I am 38, a Registered Nurse, very amateure gardener with a 2 year old and almost 5 year old. I have epilepsy and malignant hypertension managed very well, but things started to change around 30 yo to keep it short and I am now diagnosed with Rheumatoid Arthritis (a disease of my greatgrandmother)……….I HAVE 2 KIDS UNDER 4…..FREAK OUUUUTTT!!!

    1. Avoiding inflammatory foods is a good start b/c most people, including me had a quick results. Quick enough to maintain it for the most part
    2. Can’t agree more with the walking!!! if the bones/joints/discs are falling appart, then grow the muscle which will hold it in place better and reduce pain
    3. I live in Fort Worth Texas and it is hot here, but I get up at 5 for “me time” which is being in the moment with the earth and my garden and I truly know I will be ok………….meditation *****AAAHHH, Mama, Mama, the kids are awake;)
    ***on a side note my father was diagnosed with degenerative disc disease, required 3 significant back surgeries and 2 years later diagnosed with stage 4 prostate cancer and will say this has given him the grace to be still, listen and love. Always love his attitude.
    You can do this!! I stay at home with my little ones now to reduce s9tress of also working and have been told I’m a good listener with tons of great medical resources due to my personal medical history (my mom has had Multiple Sclerosis for 28 years and is now currently battling stage 3 breast cancer)…………….And I worked as a surgical oncology RN, Abdominal Transplant RN, ICU and we do have an MD in the house to help with referrals.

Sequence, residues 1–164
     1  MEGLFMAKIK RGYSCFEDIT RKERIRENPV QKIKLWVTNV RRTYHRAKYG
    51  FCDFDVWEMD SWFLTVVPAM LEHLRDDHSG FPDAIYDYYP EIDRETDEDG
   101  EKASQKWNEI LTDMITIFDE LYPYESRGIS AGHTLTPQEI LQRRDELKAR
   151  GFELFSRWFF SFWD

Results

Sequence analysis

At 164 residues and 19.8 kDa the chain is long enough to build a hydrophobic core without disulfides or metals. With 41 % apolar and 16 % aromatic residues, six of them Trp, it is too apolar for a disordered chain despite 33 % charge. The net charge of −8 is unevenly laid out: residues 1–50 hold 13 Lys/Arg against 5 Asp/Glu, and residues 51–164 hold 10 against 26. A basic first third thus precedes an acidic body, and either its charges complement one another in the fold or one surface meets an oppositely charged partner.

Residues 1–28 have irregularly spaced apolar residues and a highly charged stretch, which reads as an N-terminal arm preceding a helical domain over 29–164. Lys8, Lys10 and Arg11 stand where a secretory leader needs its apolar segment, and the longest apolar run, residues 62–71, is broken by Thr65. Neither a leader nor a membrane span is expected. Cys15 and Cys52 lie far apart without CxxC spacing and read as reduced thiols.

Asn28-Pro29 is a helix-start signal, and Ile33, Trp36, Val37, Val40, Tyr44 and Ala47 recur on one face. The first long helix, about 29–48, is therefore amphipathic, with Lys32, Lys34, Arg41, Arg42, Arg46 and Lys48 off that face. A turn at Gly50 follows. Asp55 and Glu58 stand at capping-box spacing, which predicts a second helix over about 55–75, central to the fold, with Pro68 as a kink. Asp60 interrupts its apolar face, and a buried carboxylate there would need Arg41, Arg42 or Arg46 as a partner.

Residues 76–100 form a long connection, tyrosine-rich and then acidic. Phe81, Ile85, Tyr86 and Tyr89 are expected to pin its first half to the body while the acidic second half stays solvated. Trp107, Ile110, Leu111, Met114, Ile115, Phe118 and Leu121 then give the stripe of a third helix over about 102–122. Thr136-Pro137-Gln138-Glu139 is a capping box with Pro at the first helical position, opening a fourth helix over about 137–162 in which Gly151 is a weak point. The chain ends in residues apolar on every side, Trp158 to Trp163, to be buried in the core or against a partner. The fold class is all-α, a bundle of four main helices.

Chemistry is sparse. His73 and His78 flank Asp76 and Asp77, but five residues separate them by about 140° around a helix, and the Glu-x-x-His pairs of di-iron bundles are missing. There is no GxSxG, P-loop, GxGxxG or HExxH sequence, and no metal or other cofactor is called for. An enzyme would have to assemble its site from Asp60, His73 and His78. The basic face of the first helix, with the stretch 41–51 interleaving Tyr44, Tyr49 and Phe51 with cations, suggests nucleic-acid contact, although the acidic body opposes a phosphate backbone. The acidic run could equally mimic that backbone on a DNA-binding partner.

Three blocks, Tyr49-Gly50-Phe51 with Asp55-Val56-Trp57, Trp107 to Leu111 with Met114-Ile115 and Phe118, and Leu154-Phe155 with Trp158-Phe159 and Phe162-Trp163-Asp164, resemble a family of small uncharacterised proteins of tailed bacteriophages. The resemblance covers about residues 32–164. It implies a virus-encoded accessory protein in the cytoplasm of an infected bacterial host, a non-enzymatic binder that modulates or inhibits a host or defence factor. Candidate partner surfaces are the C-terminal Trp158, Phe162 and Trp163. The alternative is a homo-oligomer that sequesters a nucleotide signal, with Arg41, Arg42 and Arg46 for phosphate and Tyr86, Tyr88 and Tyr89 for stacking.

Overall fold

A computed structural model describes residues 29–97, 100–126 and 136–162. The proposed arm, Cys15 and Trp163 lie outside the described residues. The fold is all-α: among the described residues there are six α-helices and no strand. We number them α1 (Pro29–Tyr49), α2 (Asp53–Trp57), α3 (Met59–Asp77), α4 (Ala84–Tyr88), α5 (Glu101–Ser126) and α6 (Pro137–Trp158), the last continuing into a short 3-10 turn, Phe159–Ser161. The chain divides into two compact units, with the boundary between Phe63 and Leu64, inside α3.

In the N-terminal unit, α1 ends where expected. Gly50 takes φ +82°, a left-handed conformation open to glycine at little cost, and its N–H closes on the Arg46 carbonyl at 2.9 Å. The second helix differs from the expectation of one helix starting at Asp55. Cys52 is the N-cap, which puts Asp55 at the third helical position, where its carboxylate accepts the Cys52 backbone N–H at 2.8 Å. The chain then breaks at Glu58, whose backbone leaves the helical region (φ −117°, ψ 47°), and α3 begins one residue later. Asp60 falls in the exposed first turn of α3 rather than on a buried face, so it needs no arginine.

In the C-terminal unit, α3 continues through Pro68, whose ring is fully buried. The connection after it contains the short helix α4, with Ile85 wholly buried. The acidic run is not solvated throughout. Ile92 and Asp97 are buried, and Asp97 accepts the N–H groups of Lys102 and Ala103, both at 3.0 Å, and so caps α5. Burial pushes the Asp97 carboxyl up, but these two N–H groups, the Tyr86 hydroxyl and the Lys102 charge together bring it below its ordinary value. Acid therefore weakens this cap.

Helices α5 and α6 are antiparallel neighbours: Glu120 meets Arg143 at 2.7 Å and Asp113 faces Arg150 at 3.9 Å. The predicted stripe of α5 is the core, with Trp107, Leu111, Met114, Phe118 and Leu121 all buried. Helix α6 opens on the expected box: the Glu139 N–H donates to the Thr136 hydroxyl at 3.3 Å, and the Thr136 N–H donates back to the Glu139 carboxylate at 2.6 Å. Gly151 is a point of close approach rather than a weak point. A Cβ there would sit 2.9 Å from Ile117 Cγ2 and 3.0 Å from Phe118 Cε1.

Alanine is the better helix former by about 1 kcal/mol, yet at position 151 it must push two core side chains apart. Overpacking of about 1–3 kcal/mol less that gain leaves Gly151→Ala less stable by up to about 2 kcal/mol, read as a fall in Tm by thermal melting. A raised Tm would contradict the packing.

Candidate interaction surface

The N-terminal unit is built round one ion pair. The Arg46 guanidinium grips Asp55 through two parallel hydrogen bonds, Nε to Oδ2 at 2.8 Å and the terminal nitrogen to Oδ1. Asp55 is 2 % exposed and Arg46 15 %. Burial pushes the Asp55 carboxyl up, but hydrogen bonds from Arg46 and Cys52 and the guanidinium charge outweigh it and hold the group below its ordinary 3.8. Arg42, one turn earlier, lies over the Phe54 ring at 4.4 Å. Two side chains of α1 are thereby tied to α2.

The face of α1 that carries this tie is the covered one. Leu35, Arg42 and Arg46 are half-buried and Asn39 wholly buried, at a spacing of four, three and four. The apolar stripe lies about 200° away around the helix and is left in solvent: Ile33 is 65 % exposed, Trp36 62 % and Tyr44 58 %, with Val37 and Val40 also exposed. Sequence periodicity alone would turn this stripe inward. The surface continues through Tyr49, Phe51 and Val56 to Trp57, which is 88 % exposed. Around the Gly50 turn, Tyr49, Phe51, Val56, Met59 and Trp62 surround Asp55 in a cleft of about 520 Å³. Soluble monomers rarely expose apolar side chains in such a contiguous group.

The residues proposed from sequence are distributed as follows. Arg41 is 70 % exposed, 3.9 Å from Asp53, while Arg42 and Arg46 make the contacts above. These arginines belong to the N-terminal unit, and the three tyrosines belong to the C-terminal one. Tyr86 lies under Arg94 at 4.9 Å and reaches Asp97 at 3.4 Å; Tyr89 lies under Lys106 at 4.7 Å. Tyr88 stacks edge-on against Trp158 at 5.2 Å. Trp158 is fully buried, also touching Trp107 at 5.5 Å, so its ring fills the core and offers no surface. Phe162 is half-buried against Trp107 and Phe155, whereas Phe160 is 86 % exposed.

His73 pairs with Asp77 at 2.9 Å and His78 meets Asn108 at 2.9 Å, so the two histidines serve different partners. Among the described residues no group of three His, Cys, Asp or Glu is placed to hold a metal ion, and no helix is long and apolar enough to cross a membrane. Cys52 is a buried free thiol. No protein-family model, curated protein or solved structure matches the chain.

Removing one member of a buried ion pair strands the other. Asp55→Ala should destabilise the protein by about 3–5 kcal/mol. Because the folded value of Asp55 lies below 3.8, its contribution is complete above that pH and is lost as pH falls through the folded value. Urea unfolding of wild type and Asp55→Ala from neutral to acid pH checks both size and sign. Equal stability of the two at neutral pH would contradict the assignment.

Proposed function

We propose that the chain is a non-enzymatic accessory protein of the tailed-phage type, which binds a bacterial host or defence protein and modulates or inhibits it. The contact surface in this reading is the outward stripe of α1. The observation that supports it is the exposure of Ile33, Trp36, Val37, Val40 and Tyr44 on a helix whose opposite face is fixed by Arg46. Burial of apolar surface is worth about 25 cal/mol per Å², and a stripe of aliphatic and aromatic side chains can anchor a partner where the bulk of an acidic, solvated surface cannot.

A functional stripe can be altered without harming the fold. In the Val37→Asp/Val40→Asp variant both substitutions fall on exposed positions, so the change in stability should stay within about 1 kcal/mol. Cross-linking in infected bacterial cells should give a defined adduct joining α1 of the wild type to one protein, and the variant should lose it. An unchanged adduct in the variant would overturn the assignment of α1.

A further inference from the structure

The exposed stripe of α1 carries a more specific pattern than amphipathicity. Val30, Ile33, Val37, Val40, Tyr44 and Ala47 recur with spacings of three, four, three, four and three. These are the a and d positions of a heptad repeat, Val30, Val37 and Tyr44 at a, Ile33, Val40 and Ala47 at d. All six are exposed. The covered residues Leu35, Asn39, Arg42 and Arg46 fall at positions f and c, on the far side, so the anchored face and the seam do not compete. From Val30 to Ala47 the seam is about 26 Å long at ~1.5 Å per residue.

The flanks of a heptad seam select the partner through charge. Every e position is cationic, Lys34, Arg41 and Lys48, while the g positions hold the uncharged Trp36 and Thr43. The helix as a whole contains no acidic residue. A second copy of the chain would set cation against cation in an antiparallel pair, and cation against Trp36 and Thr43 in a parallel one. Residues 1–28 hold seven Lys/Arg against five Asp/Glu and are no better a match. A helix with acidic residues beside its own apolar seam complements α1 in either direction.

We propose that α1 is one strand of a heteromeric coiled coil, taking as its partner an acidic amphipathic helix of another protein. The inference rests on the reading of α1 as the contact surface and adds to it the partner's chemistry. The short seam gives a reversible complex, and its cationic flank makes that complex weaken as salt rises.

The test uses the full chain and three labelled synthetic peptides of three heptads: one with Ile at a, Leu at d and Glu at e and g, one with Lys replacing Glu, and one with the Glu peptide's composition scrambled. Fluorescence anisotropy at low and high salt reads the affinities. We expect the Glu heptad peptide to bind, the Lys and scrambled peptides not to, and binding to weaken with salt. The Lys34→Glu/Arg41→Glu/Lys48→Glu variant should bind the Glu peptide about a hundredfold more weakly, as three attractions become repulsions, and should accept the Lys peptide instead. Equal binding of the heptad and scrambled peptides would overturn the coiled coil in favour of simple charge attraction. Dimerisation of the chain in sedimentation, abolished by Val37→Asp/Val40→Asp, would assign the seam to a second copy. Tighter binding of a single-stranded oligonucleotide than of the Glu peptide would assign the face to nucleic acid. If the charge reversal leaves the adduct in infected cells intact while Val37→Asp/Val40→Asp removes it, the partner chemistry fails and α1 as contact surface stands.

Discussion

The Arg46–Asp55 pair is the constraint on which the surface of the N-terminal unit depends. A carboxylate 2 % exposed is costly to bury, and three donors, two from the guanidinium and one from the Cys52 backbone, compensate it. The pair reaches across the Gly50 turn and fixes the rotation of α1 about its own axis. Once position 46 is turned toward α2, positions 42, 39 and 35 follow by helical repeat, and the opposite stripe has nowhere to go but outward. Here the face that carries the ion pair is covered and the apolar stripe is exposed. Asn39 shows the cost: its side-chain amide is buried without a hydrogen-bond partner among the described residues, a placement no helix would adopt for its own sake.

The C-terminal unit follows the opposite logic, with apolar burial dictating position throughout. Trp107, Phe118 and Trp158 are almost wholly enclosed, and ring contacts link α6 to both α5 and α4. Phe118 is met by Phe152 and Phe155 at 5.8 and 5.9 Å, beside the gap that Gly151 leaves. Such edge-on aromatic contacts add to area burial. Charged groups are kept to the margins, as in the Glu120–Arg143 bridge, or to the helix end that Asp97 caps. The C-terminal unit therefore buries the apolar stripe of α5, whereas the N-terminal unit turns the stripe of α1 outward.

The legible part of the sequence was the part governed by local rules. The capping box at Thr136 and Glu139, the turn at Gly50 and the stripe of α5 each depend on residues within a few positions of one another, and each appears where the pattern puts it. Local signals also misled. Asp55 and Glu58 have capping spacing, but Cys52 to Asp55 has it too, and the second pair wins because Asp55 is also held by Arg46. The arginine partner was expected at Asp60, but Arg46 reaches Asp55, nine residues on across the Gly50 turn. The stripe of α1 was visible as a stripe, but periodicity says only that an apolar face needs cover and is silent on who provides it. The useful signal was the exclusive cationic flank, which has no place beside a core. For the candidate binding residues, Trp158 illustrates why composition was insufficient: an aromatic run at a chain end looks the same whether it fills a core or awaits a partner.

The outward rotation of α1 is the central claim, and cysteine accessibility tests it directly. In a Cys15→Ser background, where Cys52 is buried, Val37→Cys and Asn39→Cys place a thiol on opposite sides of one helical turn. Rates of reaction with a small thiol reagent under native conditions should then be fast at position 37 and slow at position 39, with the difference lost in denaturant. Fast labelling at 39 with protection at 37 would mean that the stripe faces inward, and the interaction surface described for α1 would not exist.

way too long winded, sorry you are heading uphill on another FGO (F*ng Growth Opportunity) and it sounds as if you will come out better downhill
    Sending you some thoughts,prayers and strength right now

    Sincerely diarrhea of the mouth,

  57. Thank you Pam — it’s a life long journey now, so I’m trying to hash it all out. I was walking at the track this morning thinking I really wished I was at home instead. ๐Ÿ™‚ I’m sure that every minute will not be joyful, but keeping positive through the long fight is important!

  58. Mindy –

    Keep talking! And keep sharing this type of love with everyone — you made me feel great this morning. There is an amazing truth to trying to find your “still” place. I’m struggling with that right now. It will be a lifetime of effort to reach my goal in that I think. ๐Ÿ™‚

    Thank you for your lovely note.